The proposals, contained in the draft House of Lords Reform Bill and accompanying White Paper, set out in detail options for how a reformed House could look. The draft Bill sets out firm proposals, while the White Paper considers alternative options on which the Government remains open-minded.
The Government is committed to a wholly or mainly elected chamber and both options are reflected in what is published today.
The draft Bill illustrates how a reformed House of Lords with 80 per cent of elected members could look, with the remaining 20 per cent appointed independently to sit as cross-benchers. Alongside this, the White Paper sets out the case for a 100 per cent elected chamber.
Key proposals contained in the draft House of Lords Reform Bill include:
- a reformed House with 300 members, each eligible for a single term of three parliaments
- elections using the single transferable vote (STV), electing a third of members each time with elections normally taking place at the same time as General Elections
- multi-member electoral districts, to be drawn up independently based on national and county boundaries
- a continuation of the presence of Bishops of the Church of England in the House of Lords, reducing their number from 26 to 12
- a transition staggered over the course of three electoral cycles
The White Paper sets out three different options for the transition period and acknowledges that the case can be made for other proportional representation systems including the open list. The draft Bill and White Paper are clear the powers of the reformed House of Lords will remain the same, with it continuing to provide scrutiny and expertise, complementing the work of the Commons.
It is the Government’s intention that the first elections take place in 2015. The draft Bill and White Paper will now be considered by a Joint Committee, composed of 13 peers and 13 MPs, before legislation is introduced next year.
Prime Minister, David Cameron, said:
In a modern democracy it is important that those who make the laws of the land should be elected by those to whom those laws apply. The House of Lords performs its work well but lacks sufficient democratic authority.
The House of Lords and its existing members have served the country with distinction. However, reform of the House of Lords has been on the agenda for more than 100 years and many Governments have considered the complex issues which surround it but full reform has not yet been achieved.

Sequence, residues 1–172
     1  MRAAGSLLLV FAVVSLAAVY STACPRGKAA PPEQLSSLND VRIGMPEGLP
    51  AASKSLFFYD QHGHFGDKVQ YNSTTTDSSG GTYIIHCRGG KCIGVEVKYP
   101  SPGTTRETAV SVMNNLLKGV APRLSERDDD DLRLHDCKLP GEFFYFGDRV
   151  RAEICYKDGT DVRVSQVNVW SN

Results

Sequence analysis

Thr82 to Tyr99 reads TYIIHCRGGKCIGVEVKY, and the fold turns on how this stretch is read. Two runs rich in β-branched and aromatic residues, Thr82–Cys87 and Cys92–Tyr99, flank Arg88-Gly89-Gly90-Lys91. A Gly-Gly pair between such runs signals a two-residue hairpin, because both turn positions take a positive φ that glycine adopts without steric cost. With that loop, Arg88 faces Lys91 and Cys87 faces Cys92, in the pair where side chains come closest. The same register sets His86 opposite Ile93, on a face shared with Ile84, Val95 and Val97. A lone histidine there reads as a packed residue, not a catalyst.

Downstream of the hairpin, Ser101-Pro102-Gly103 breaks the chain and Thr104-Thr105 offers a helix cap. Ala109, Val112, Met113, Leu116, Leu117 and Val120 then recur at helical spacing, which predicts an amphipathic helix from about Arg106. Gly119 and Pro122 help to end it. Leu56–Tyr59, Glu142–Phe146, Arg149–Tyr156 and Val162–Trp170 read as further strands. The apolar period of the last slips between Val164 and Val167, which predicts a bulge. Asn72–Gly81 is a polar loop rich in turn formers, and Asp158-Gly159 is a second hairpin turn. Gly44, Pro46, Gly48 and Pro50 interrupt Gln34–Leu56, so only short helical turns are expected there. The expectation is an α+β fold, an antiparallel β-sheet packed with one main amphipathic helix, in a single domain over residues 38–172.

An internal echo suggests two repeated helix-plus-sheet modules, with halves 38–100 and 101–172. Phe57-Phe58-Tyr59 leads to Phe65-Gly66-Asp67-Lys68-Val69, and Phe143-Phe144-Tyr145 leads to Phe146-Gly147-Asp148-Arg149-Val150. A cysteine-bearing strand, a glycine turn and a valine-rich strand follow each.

This Government is committed to resolving these issues so that progress can be made.
Deputy Prime Minister, Nick Clegg, said:
Governments and politicians on all sides have talked about reforming the House of Lords for over a century and we’re now getting on with finishing that process.
It’s only right that people can have a say in who sits in their Parliament and that our politics is both open and accountable. This means a reformed House of Lords with a democratic mandate - something all the major parties pledged in their last manifestos.
This is our fixed goal and we’re clear that we want the first elections to the reformed upper chamber to take place in 2015.
But while we know what we want to achieve in 2015, we’re open-minded about how we get there and the proposals we’ve set out in the White Paper are now open for genuine debate.
Notes to editors
- The House of Lords Reform Draft Bill and accompanying White Paper
- STV is a form of proportional representation in which voters are invited to rank candidates on the ballot paper in the order in which they would like them to be elected. To be elected, a candidate must achieve a target number of votes, calculated on the number of votes cast and the number of seats available. Any votes they receive over the target number are redistributed according to the preferences expressed on the ballot papers.